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Walt, I found these two photos on a search for the Roadster. There was a maroon and silver Isotta Cabriolet from Long Island that used to come up to Ridgefield, think the owner was a postal worker. Last time I saw it it was jet black and on the lawn at Pebble Beach. 

Rudolph-Valentino-and-his-mid-1920s-Isotta-Fraschini-Town-Car-1080x606.jpg

Rudolph-Valentino-Tipo-8A-Isotta-Fraschini-760x696.jpg

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14 minutes ago, Angelo VanBogart said:

And here it is after a fender bender at a railroad crossing.

rudolph-valentino-10-photographs_1_f43a91a106736f051bf54269539f8c23.jpg

 

 

This photo just knocked off 25 percent at the auction next time it goes up for sale...........

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Ed, can agree BUT that won't happen if the sign in front of the car goes along with the car at the auction along with an authentic period signed letter from one of Mr. Valentino's paramours that the fancy clothing undergarments found buried/lodged in the rear armrest were indeed part of the cars heritage .... hey we are talking about automotive history here!

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Does anyone know the history of this accident?  The front bumper is caved in a little at dead center, possibly from striking the post of the railroad crossing sign.  That slight damage does not seem to match the destruction of the crossing sign.  There appears to be no damage to the headlights nor radiator shroud.  Yet with so little damage to the front of the car the right front wheel appears to be splayed out indicating either damage to the axle, or simply that the tire was stripped off its rim.  The right rear tire appears to be sunken into the dirt surface possibly indicating "soft shoulder" at the edge of the road surface.  Hence this accident possibly resulted from too much speed, a slick (wet mud?) road surface, and a curve in the road approaching the rail crossing.  ?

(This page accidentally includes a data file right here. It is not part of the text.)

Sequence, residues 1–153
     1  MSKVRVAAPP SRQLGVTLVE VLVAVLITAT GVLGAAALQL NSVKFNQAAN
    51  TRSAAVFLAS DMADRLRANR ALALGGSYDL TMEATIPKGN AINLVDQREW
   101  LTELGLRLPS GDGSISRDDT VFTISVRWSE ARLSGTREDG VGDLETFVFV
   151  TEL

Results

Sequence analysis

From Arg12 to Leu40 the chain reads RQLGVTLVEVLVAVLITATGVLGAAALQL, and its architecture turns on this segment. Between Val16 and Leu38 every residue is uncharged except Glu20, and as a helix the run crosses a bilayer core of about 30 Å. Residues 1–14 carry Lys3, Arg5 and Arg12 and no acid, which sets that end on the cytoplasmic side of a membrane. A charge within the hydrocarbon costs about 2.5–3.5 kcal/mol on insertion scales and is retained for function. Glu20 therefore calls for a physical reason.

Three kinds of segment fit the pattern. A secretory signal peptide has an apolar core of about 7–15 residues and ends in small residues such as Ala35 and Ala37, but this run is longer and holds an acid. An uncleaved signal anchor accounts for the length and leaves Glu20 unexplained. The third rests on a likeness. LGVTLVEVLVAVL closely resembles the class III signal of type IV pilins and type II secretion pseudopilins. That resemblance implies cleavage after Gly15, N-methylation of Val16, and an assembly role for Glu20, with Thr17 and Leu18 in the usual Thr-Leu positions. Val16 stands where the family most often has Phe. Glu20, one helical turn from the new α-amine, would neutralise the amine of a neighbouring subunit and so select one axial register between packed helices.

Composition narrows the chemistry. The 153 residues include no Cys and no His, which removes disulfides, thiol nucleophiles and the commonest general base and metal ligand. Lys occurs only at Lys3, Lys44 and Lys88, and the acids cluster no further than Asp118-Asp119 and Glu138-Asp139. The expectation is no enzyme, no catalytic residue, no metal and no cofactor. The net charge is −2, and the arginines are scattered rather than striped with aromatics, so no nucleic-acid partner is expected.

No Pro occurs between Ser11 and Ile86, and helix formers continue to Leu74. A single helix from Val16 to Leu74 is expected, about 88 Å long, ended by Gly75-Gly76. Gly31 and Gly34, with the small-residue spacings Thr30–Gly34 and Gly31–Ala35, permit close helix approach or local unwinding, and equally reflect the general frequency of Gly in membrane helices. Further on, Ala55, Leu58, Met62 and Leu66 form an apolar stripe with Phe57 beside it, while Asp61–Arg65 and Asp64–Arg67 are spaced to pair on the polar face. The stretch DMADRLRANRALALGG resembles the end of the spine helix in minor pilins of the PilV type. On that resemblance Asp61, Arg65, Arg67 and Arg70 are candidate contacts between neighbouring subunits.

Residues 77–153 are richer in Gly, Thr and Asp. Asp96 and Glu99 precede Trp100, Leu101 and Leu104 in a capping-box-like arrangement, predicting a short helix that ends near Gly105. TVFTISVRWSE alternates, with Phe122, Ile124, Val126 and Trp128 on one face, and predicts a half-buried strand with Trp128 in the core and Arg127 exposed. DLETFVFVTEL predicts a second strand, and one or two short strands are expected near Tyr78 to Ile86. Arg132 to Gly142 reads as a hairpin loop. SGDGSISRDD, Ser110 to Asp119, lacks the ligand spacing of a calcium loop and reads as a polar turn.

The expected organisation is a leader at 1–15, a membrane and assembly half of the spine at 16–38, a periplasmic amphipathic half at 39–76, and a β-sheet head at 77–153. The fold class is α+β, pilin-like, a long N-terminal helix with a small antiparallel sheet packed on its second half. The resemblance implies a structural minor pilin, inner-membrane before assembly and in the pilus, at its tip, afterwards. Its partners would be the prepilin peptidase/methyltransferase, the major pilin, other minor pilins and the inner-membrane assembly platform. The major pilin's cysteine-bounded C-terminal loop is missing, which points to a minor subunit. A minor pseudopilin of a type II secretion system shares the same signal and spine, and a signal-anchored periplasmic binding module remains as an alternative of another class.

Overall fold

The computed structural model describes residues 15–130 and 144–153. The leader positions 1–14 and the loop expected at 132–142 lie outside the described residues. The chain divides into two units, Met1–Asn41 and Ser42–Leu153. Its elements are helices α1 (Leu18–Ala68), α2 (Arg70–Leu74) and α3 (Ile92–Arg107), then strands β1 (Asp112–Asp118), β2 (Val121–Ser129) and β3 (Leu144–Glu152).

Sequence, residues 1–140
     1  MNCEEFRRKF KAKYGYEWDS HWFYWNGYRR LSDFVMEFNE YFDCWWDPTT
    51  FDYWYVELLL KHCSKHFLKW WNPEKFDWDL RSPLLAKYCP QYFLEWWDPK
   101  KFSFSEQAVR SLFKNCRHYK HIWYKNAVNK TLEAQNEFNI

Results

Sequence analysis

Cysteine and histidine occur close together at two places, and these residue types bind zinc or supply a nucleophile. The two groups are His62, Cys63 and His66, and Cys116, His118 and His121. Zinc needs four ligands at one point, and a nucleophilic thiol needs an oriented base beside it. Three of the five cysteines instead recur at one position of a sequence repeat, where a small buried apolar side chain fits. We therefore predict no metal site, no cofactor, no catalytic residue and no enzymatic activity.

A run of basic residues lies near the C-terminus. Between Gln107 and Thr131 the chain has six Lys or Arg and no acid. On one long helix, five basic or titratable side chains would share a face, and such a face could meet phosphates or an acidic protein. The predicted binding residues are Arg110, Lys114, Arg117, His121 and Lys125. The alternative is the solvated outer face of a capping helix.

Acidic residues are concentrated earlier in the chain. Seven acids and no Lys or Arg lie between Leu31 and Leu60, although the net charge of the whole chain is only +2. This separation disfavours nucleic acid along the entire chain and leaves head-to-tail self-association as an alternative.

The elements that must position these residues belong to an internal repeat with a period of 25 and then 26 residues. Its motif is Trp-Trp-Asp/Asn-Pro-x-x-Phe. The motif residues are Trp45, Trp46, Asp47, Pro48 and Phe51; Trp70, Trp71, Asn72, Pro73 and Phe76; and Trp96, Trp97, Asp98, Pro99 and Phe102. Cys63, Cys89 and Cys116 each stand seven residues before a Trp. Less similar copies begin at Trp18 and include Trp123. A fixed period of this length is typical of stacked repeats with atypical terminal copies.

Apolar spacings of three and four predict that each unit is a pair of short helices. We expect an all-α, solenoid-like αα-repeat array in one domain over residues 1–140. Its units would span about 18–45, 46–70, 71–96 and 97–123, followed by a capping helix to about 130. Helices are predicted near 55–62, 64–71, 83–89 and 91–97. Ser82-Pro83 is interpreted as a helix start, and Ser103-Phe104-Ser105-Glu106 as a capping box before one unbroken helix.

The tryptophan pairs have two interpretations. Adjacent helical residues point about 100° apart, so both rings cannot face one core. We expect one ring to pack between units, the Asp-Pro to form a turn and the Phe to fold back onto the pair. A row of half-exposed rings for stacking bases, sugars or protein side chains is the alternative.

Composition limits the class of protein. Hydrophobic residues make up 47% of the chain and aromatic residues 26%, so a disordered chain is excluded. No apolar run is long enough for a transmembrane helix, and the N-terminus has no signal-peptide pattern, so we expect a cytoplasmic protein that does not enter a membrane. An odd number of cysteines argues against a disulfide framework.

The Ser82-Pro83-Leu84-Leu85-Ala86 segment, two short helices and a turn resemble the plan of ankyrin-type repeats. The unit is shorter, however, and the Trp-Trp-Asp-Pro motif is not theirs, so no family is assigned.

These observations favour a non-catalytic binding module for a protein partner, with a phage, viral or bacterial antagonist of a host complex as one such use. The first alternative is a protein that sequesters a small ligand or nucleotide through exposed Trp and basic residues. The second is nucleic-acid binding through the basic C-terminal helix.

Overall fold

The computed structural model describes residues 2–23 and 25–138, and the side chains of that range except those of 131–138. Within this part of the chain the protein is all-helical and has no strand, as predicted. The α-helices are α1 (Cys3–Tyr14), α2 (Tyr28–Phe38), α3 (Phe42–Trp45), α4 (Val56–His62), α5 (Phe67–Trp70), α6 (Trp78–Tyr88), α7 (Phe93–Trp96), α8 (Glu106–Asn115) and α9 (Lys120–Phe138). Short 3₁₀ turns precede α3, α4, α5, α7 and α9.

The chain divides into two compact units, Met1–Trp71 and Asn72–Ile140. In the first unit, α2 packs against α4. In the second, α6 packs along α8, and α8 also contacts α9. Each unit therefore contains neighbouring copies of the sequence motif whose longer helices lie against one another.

Isotta-Fraschini Town Car Rudolph Valentino 01-02.jpg

Isotta-Fraschini Town Car Rudolph Valentino 01-03.jpg

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I just HAD to go out and look at it. The amazing thing is it only took a few minutes to find it amongst all my junk. For about fifty years, I have had a Raulang Body tag, and I knew it was an oval. Looking at it closely for the first time in a decade or two, I would say it is likely a rounder oval than the body tag on that neat looking roadster. So I would say body by Fisher and/or Fleetwood is still more likely.

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Eric Hatch was an automotive author who penned a regular column for the society magazine Country Life in the 1920s. Country Life Press was a branch of Doubleday, Doran & Company, a major publisher at the time that was based on Franklin Avenue in Garden City , NY on the east side of the road. This image of a Minerva conv. sedan with body by Hibbard & Darrin was in the Feb. 1928 issue.

MIN1928CountryLIFE001.jpg

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I had a drink with Hibbard's grandson last Sunday..........nice guy. He asked why my White(Rubay body, Hibbard's first job.) looked like a Duesenberg LeBaron Phaeton, and I said, because your grandfather designed this car while he was still a teenager. He had a big smile on his face. It's amazing who you bump into in Southern Florida. 

Edited by edinmass (see edit history)
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The advertisement is from the 1937 George Vanderbilt Cup race held at the Roosevelt Raceway in 1937 in Westbury, NY. this raceway was in the area where Lindbergh flew off/over to head east to Paris a decade before. The print of the open coupe is from a series of images given to me by a great friend in CCCA some years ago as a gift and was one of the Hibbard designs. More stuff from my archives.

hibbardiNCadVERTISEMENT1936iMAGE6.jpg

HIBBARDCOUPEOPEN1936image4.jpg

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That period photo really makes you appreciate the size of the car ( and the wheels/tires for scale) , think about the size of a man driving it and judge/compare  against the size of the buildings behind it.

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7 minutes ago, edinmass said:

This is why your brass car steers like sxxt today. No need to rebuild the box, the car is low mileage! 1909 Glidden Tour with a Pierce Arrow.

6CE5A16E-0EBB-4F01-8AD1-8CAAA39756F2.png

Yep, and perhaps they were a little shy on hardening technology (at least in automobiles).  As dad says about many 30's cars - it was worn out at 30K miles (by the way if you work here in Cincinnati at Procter & Gamble, then I would have to say 30M for thirty thousand and MM is million). 

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11 minutes ago, John_Mereness said:

As dad says about many 30's cars - it was worn out at 30K miles (by the way if you work here in Cincinnati at Procter & Gamble, then I would have to say 30M for thirty thousand and MM is million). 

So when the ashtray was full, it was time to get rid of it?

 

Craig